Thursday, September 21, 2023

The Famous Diamond Jewelry of the Empress

There are many princesses who married princes of foreign lands and became queens. Marie of Edinburgh, Queen of Romania and Elizabeth of Bavaria, Queen of Hungary, became so beloved by their adopted peoples that they became identified with those countries as if they were natives. From a wonderful Hungarian site devoted to the memory of Elizabeth, Empress of Austria and Queen of Hungary, who was like a mother to the Hungarian people:

Erzsébet [Elizabeth] realized more and more that she could have a great impact on men with her beauty and radiance. She consciously began to use this attraction to influence her husband for her own purposes. In 1865, Franz Xaver Winterhalter created the famous portrait that made Elizabeth a world-famous beauty. In the painting, her dress is decorated with embroideries in the shape of a snowy meadow, and her hair is also decorated with diamond ornaments in the shape of a snowy meadow. At that time, floral motifs were very popular both on clothes and in jewelry.

The court jeweler Alexander Emanuel Köchert also designed two sets of diamond jewelry for the empress at that time, both consisting of twenty-seven hairpins. The emperor commissioned the goldsmith to make one: the pieces of this set are each decorated with a true pearl in the middle. The other was ordered by the empress, supposedly because she liked Mozart's opera The Magic Flute, which she saw in the theater at the time. She also wanted to wear bright stars in her hair like the Queen of the Night - of course hers were made of diamonds. The empress liked these jewels so much that later on she had Köchert make these and similar ones for her loved ones.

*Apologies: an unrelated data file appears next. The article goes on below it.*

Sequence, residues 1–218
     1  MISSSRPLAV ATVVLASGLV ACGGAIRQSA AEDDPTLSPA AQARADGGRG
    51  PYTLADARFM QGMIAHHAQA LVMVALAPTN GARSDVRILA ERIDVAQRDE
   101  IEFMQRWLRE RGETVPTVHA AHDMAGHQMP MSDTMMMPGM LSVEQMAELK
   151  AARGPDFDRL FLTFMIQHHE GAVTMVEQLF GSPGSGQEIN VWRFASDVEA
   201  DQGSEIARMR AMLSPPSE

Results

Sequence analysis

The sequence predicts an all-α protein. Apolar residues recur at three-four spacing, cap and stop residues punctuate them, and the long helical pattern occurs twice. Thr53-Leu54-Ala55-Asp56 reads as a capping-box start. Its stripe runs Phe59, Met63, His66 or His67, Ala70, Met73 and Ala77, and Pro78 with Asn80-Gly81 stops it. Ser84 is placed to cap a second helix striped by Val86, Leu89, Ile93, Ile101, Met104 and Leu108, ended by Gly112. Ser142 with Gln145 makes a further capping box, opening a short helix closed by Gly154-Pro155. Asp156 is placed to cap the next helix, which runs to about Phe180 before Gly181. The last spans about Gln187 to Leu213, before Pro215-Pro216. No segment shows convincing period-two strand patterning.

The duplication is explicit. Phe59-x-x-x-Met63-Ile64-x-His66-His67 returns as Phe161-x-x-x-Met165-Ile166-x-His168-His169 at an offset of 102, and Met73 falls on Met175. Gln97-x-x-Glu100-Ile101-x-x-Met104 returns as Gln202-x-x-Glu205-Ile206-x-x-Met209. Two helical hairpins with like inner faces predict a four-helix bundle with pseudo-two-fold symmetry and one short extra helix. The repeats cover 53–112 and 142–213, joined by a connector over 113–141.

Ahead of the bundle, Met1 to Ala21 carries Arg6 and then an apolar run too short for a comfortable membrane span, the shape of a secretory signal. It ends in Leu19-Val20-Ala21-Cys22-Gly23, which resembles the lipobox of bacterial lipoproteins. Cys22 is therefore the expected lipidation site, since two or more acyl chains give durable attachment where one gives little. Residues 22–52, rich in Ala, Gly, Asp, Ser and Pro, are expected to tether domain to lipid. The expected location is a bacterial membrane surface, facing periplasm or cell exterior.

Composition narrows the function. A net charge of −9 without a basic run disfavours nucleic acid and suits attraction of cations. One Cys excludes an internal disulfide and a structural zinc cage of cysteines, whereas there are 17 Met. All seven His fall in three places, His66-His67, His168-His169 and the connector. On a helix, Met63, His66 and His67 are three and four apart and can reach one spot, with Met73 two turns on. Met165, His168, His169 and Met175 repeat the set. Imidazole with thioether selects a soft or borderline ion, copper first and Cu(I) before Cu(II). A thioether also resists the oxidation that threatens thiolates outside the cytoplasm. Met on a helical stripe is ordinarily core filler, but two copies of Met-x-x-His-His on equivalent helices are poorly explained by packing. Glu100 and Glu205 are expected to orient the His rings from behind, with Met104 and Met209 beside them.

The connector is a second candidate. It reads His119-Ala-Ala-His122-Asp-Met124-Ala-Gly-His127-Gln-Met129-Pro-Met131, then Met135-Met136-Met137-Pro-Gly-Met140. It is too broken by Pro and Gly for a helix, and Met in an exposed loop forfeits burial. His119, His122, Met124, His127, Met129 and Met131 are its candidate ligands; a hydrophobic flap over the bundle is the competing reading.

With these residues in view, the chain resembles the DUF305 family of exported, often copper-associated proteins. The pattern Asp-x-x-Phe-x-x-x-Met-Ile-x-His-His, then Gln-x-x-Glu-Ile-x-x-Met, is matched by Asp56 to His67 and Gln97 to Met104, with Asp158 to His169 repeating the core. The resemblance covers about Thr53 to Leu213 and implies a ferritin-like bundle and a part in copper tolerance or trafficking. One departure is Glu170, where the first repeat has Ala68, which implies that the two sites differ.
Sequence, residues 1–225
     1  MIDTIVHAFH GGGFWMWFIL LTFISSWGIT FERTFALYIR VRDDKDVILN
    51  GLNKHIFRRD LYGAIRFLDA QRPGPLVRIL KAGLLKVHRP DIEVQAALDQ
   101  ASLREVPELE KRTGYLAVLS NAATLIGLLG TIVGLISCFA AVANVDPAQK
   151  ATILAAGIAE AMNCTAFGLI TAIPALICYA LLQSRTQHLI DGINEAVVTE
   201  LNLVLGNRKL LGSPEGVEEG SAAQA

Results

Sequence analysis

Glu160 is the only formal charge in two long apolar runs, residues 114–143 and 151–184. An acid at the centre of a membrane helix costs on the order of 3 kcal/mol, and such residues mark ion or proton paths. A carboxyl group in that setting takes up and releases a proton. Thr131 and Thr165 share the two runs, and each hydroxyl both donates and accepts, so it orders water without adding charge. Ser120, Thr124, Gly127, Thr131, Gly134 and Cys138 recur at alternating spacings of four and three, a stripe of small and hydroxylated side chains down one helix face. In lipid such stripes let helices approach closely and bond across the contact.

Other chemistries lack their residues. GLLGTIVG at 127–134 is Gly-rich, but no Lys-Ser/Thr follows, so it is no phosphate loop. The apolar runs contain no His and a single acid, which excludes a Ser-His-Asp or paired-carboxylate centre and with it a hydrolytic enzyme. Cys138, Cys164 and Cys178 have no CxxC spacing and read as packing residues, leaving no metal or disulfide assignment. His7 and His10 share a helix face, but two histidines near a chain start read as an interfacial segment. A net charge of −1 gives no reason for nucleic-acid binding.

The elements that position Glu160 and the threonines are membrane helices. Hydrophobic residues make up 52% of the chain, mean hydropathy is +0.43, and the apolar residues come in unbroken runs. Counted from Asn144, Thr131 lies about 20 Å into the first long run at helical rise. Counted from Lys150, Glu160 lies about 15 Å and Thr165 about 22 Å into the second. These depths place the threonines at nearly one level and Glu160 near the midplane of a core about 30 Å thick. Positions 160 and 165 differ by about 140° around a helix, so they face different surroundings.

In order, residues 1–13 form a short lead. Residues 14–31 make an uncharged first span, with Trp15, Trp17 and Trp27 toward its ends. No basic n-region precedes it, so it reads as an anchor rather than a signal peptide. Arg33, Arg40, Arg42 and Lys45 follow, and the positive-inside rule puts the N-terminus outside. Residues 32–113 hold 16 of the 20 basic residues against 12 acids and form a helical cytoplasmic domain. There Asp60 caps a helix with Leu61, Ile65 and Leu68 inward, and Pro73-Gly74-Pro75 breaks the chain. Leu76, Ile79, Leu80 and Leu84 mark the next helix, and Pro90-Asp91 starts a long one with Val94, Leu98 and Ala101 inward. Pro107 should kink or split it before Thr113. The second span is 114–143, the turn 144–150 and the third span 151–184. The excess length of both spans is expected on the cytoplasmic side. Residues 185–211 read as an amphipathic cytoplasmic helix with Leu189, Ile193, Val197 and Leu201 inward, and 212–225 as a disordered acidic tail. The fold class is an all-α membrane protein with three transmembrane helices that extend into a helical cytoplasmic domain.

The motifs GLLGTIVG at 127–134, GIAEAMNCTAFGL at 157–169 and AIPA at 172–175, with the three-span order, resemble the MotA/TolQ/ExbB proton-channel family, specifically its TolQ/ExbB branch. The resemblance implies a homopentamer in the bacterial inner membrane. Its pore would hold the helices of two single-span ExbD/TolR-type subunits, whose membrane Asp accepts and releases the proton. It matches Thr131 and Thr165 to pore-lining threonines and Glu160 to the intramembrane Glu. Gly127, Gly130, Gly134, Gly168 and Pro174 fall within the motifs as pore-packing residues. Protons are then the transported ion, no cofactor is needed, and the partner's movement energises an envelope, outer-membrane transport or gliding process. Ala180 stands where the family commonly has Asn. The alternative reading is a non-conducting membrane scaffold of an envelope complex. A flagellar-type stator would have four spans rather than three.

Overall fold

Star-shaped jewelry was not brought into fashion by the empress (for example, many similar ones were made in England), yet the jewelry ensembles will be known as the empress's "famous diamond stars", even though not both were star-shaped, the pieces made by Ferenc József - with a pearl in the middle - they are shaped like snowdrops, the "petals" of which are studded with small diamonds. Havasi gyopár was considered the flower of empresses and queens due to their extraordinary value. On Erzsébet's organza dress (which she wears in the portrait by Winterhalter), patterns in the shape of snowdrops embroidered with gold thread. The beauty of the dress was given by its sparkle. When she danced in it in February 1865 at the Dresden ball, which was organized on the occasion of the wedding of her favorite younger brother, Prince Károly Tivadar of Bavaria, in the ballroom, lit by the light of thousands of candles, the gold-embroidered flowers shone brightly and scattered the stars, so that it was impossible to look anywhere else but at him. Archduke Viktor Lajos wrote to his mother after the ball: "Sisi was so radiantly beautiful that she drove everyone here crazy." Although the archduke criticized his sister-in-law whenever possible, he also acknowledged her beauty, in front of which no one could now stop without paying homage. (Read more.)

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